Allegra was the result of a brief liason between Lord Byron and Claire Clairmont, the step-sister of Mary Shelley. On her birth, Byron is said to have remarked: "Is the brat mine? I have reason to think so." During their soujourn in Geneva, Shelley had given Byron the nickname of Albe; therefore Claire wanted to name the girl Alba, but Byron overruled her and she was baptised Clara Allegra Byron. When Allegra was four, Byron arranged for her to be educated at a Capuchin convent near Ravenna in Italy; but, a year after that, she died of a fever. Her corpse was sent back for burial in Harrow, where Byron had gone to school (see: John Peachey), but such was his Lordship's reputation that the vicar of St. Mary's refused to allow a service to be held within the church, or to erect the memorial which Byron had requested. This was to have born the words from II Samuel, Chapter 12, Verse 23 : "I shall go to her, but she shall not return to me." Instead, a ceremony was held in the churchyard, and she was buried in an unmarked grave. It was not until 1980 that the Byron Society gained permission to place the tablet at the foot of the right-hand side of the South porch. Some time after Allegra's death, Lord Byron said to Lady Blessington: "While she lived, her existence never seemed necessary to my happiness, but no sooner did I lose her than it appeared to me I could not live without her." Two years to the day after his daughter's death, Byron himself died of a fever, at Missolonghi in Greece.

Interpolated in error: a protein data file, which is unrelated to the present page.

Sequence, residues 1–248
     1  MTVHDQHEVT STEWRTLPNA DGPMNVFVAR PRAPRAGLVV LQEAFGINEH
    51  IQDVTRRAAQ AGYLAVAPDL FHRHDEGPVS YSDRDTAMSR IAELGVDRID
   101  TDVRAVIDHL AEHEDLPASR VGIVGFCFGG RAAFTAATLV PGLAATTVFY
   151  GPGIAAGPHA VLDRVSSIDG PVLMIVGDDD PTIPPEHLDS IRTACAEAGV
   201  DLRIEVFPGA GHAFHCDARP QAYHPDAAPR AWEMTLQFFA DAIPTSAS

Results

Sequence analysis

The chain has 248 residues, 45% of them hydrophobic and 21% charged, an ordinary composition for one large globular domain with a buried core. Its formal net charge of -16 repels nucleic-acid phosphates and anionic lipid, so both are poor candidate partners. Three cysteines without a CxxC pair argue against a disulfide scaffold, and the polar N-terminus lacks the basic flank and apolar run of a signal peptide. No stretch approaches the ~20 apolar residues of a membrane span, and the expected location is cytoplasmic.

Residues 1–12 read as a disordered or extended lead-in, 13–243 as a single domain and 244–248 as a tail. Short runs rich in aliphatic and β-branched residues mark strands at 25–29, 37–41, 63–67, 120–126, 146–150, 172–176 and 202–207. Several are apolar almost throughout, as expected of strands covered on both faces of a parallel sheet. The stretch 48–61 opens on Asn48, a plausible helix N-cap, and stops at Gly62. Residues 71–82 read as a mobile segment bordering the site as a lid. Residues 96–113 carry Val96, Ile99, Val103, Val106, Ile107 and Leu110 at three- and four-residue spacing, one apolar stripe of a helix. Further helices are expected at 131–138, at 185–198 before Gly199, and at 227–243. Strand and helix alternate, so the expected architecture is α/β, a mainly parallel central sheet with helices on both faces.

Bio by: Iain MacFarlaine